Incidence and Outcome of Perioperative Myocardial Injury After Non-cardiac Surgery (BASEL-PMI)
|The safety and scientific validity of this study is the responsibility of the study sponsor and investigators. Listing a study does not mean it has been evaluated by the U.S. Federal Government. Know the risks and potential benefits of clinical studies and talk to your health care provider before participating. Read our disclaimer for details.|
|ClinicalTrials.gov Identifier: NCT02573532|
Recruitment Status : Recruiting
First Posted : October 9, 2015
Last Update Posted : September 16, 2020
|Condition or disease|
|Perioperative Myocardial Injury|
Background: Worldwide more than 230 million surgical operations are performed each year. Despite advances in all fields of medicine, there is still a significant risk of death related to major non-cardiac surgical procedures. The observed 30-day mortality depends on patient- as well as procedural factors and ranges between 1% and 10%. Cardiovascular complications, particularly perioperative myocardial injury/infarction (PMI) seem to be major contributors to about a third of all deaths. PMI may differ from spontaneous acute myocardial infarction (AMI). The vast majority of patients experiencing PMI do NOT have acute chest pain or other symptoms typical for AMI likely because they are narcotized or sedated and random ECGs are often not informative. Accordingly, most patients with PMI are currently not detected in routine clinical practice. Missed diagnosis is invariably associated with missed opportunity for the initiation of treatment. As most patients with PMI are missed in routine clinical care, the true incidence of and outcome after PMI are largely unknown. Prior studies have often not obtained a baseline sample and thus have suggested that all cTn elevations are likely due to AMI which may exaggerate the numbers. In addition, usually conventional less sensitive assays have been used. Further, the predominant pathophysiology of PMI is currently unknown. It has been suggested that type II MI characterized by coronary perfusion pressure mismatch and not type I MI characterized by acute thrombotic coronary occlusion is the predominate mechanism. However, autopsy data suggest that plaque rupture is more common. Thus, it may be that type 2 AMI is more common but that the modest incidence of type 1 AMI is not dangerous prognostically.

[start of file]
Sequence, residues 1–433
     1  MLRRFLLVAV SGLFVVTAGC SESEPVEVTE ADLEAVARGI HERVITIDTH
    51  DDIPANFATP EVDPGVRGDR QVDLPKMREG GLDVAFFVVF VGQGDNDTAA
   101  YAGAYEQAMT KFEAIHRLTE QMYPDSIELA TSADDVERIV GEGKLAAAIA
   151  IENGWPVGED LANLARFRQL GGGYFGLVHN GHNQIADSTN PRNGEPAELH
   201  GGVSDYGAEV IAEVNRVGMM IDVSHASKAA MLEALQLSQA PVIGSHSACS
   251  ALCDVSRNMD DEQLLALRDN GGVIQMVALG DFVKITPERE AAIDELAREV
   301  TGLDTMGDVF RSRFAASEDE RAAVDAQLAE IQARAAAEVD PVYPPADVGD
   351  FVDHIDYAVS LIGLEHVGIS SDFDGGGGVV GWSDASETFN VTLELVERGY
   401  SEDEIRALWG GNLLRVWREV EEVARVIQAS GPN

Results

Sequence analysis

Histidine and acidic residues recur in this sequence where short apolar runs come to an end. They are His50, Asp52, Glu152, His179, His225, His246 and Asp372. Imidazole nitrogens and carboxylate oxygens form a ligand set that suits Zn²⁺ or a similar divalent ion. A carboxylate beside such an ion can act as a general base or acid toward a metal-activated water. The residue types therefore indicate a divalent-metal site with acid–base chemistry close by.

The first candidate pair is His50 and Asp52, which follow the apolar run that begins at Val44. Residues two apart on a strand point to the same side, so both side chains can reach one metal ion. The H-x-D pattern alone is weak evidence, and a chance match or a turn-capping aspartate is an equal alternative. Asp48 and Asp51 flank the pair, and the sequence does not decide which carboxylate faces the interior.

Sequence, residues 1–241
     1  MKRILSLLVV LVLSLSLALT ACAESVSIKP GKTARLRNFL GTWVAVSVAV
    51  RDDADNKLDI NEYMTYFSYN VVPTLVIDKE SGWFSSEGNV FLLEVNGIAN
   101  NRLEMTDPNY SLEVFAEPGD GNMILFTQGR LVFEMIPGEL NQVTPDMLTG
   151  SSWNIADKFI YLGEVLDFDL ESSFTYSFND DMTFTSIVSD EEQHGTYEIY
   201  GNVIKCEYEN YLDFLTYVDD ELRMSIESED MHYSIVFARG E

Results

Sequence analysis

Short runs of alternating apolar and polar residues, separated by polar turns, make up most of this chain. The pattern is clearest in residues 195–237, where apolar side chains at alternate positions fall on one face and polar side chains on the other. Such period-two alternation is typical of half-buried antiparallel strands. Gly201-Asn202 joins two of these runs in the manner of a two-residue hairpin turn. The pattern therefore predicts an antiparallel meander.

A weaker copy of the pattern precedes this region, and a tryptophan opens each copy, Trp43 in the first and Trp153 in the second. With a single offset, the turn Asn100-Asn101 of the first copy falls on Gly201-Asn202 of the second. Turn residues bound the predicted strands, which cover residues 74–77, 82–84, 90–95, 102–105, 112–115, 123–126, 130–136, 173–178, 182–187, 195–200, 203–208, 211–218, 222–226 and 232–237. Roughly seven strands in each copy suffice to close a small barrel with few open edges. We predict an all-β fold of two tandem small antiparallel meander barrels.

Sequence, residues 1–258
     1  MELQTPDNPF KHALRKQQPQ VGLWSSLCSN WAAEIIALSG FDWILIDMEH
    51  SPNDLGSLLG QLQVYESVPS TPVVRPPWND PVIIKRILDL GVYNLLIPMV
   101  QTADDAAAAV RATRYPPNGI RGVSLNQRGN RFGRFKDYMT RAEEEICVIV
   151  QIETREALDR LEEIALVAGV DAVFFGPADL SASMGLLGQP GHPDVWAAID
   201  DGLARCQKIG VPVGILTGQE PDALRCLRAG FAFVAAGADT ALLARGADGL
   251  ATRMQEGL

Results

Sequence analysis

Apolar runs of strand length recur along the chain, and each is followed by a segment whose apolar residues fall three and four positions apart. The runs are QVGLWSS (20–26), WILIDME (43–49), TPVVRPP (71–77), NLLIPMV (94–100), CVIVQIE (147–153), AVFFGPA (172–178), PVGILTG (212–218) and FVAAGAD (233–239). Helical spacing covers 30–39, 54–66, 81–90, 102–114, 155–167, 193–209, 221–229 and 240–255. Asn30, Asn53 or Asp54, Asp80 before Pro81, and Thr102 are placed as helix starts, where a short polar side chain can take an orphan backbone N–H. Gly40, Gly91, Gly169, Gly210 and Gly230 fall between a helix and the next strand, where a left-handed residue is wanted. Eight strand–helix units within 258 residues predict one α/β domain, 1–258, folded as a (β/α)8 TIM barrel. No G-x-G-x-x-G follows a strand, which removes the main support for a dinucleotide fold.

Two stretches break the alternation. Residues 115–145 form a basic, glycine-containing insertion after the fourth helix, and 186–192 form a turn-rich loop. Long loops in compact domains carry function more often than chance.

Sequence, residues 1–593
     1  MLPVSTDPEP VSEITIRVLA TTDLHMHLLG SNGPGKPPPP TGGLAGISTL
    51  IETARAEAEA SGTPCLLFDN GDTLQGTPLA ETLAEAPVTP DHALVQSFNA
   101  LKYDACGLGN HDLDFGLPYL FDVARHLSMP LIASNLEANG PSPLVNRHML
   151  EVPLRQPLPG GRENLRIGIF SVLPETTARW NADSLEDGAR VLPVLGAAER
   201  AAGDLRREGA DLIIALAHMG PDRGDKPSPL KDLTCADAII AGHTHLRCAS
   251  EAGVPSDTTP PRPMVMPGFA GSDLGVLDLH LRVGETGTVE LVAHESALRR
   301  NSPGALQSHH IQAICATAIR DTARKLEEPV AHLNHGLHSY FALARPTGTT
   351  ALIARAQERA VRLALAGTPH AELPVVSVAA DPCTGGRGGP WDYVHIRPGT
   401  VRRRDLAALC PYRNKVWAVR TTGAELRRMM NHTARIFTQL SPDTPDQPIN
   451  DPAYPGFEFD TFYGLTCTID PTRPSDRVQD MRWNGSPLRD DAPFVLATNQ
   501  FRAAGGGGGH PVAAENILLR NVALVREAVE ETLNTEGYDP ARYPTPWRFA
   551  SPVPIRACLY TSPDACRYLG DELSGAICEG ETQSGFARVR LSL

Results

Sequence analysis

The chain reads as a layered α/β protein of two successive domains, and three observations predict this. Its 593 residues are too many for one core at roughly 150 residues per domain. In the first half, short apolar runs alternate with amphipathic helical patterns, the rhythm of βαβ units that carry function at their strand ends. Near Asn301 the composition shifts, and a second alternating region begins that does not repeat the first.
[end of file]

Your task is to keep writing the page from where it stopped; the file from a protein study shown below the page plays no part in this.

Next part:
Aim: To explore the incidence, patient characteristics, pathophysiology, potential prevention and therapy strategies and long-term outcome of PMI after major non-cardiac surgery
Methodology: Consecutive high-risk patients undergoing major non-cardiac surgery will be included and followed for one year for the occurrence of all-cause death and other major adverse cardiac events. Patients receive a standardized assessment of cardiovascular status and systematic perioperative screening for PMI using high sensitivity cardiac troponin T (hs-cTnT) at baseline prior to surgery, as well as on day 1 and day 2 after surgery. Acute cardiac injury will be defined as an absolute increase in h/s-cTn of the 99th percentile of healthy individuals for the respective assay above baseline cTn-value or between two postoperative values if the preoperative value is missing. A search for possible alternative causes for hs-cTnT elevations will be aggressively sought if a rising pattern of values is detected. Two independent experts will adjudicate the most likely cause of PMI using all clinical information pertaining to the individual patient including the 12-lead ECG, peak hs-cTnT blood concentrations, coronary angiography and myocardial perfusion scanning. Influence of PMI on occurrence of all-cause death will be assessed using multivariate Cox-proportional hazards analysis. Further, pre-operative and post-operative prediction models for death, major adverse cardiac events, and PMI shall be derived using a derivation-validation design.
Potential Significance: This study will generate scientific data that have major scientific implications by contributing to closing current knowledge gaps concerning the influence of PMI on long-term mortality as well as the incidence, patient characteristics, and pathophysiology of PMI after non-cardiac surgery. This knowledge will have immediate clinical implications as it could e.g. lead to major changes in perioperative management with reconsiderations of the necessary target blood pressure to avoid coronary perfusion mismatch and consecutive cardiac injury.
|Study Type :||Observational|
|Estimated Enrollment :||20000 participants|
|Official Title:||Basel Incidence, Patient Characteristics, Outcome and Possible Strategies to Improve Outcome of Perioperative Myocardial Injury After Non-cardiac Surgery: 1-Year Follow-up|
|Study Start Date :||October 2015|